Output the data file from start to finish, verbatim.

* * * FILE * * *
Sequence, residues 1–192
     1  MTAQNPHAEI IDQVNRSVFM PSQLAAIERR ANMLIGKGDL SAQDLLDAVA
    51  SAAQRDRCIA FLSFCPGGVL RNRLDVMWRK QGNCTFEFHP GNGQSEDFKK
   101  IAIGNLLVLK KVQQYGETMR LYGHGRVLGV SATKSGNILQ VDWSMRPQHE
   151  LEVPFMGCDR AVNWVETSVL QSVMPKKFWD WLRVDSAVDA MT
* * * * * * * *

Sequence, residues 1–192
     1  MTAQNPHAEI IDQVNRSVFM PSQLAAIERR ANMLIGKGDL SAQDLLDAVA
    51  SAAQRDRCIA FLSFCPGGVL RNRLDVMWRK QGNCTFEFHP GNGQSEDFKK
   101  IAIGNLLVLK KVQQYGETMR LYGHGRVLGV SATKSGNILQ VDWSMRPQHE
   151  LEVPFMGCDR AVNWVETSVL QSVMPKKFWD WLRVDSAVDA MT